FirstRand sees profit rising more than expected after the South African economy rebounded strongly from the early stages of the coronavirus pandemic. Africa’s biggest bank by market value sees earnings per share rising by at least 35% in the year through June, according to a statement on Monday. Impairments are significantly lower than anticipated and the cost of credit has improved, the Johannesburg-based company said. “Current trends indicate that customers are utilising discretionary savings as the economy has opened up,” FirstRand said. “Consumer spending is now back at pre-Covid levels.” The lender joins other South African banks in seeing an improved outlook as the nation recovers from an economic contraction of 7% last year, largely caused by lockdown measures to contain the coronavirus. Standard Bank Group Ltd. said last week it anticipates headline earnings per share will rise by at least 40% for the six months through June. South Africa’s central bank sees a a rebound to 4.2% growth this year, and first-quarter data due Tuesday will probably show an expansion from the previous three months. That said, the economy is still likely to have contracted from the mostly pre-lockdown period a year earlier, while power-supply shortages continue to weigh on the recovery. South Africa’s banking regulator has also relaxed guidance on capital preservation, altered to make sure the industry continued to lend during the worst of the pandemic. That’s helped South Africa’s big four banks issue dividend payments earlier this year.

 

 

Adapt IT (ADI) -2.8%

Volaris Group, the Canadian firm pursuing JSE-listed software services group Adapt IT, has sweetened its all-cash offer to R7/share in an effort to see off a rival bid from South Africa’s Huge Group. Volaris had previously offered shareholders R6.50/share, also all in cash. Nodus Capital, appointed by an Adapt IT independent board to consider the fairness and reasonableness of the offer, has previously said a valuation of between R7 and R9.09 would be fair for shareholders. It has now said the new offer price is fair and the independent board has concurred with that finding.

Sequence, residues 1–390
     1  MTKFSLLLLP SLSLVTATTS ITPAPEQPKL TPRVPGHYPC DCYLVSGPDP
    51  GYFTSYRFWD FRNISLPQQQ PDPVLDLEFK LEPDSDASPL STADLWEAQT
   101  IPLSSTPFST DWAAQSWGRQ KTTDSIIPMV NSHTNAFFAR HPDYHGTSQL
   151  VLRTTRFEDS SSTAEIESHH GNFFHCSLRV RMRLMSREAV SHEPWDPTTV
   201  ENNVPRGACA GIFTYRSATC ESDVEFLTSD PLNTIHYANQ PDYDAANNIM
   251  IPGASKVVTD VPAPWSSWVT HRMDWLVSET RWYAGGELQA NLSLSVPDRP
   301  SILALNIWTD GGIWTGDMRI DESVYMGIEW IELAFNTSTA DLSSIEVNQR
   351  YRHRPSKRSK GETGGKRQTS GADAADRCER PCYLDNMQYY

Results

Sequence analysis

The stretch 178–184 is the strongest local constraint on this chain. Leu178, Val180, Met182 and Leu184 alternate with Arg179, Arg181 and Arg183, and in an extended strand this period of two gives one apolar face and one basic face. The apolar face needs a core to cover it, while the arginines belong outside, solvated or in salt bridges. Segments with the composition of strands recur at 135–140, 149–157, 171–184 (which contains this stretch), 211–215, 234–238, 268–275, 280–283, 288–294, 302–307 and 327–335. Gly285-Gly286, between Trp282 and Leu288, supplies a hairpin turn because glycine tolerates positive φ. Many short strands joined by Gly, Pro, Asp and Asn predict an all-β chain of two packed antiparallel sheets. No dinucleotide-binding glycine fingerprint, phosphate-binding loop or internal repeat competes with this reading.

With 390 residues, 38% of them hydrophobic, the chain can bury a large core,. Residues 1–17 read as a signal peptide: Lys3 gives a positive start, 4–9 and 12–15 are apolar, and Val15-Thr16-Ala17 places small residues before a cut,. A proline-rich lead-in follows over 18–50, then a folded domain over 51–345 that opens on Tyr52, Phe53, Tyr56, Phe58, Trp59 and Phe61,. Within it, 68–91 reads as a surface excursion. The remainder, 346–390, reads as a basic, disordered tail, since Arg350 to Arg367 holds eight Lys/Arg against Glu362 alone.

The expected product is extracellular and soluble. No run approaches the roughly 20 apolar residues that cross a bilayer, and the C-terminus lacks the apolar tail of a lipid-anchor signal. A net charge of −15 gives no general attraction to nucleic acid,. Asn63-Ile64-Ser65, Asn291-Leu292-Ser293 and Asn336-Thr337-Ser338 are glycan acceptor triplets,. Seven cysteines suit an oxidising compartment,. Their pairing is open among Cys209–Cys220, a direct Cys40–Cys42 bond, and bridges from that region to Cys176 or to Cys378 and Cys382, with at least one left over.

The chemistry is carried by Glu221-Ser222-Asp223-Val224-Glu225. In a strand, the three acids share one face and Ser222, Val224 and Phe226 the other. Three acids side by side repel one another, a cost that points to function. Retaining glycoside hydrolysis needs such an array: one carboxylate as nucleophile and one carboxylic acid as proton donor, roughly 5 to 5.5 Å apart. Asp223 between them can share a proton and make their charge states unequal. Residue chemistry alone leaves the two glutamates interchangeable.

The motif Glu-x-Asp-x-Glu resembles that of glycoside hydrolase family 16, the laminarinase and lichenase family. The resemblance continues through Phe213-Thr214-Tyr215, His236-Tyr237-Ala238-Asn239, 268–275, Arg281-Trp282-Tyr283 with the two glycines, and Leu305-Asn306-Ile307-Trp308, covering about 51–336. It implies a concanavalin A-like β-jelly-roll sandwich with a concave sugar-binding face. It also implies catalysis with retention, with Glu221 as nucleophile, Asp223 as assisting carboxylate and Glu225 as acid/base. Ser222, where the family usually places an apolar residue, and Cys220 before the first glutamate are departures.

INTERNATIONAL COMPANIES

Google (GOOG) +0.6%

Technology giant Google has been fined €220m (£189m) by French authorities for abusing its advertising power. France's competition watchdog said Google has been promoting its own online advertising services to the detriment of rivals. It found that Google's ad management platform for large publishers, Google Ad Manager, favoured the company's own online ad marketplace, Google AdX. Google said it would make changes to its advertising business. The US tech giant has agreed to make it easier for publishers to use its data and tools. "We will be testing and developing these changes over the coming months before rolling them out more broadly, including some globally," the company said. It is not the first time the company, owned by Alphabet, has been slapped with heavy fines for falling foul of European advertising rules. Google was fined €1.49bn (£1.28bn) by the EU for blocking rival online search advertisers in 2019. It was also fined €50m (£44m) in 2019 by the French data regulator CNIL, for a breach of the EU's data protection rules. The EU competition authority fined the company a record €4.34bn (£3.9bn) fine in 2018 for using its popular Android mobile operating system to block rivals. That followed a €2.42bn fine in 2017 for hindering rivals of shopping comparison websites.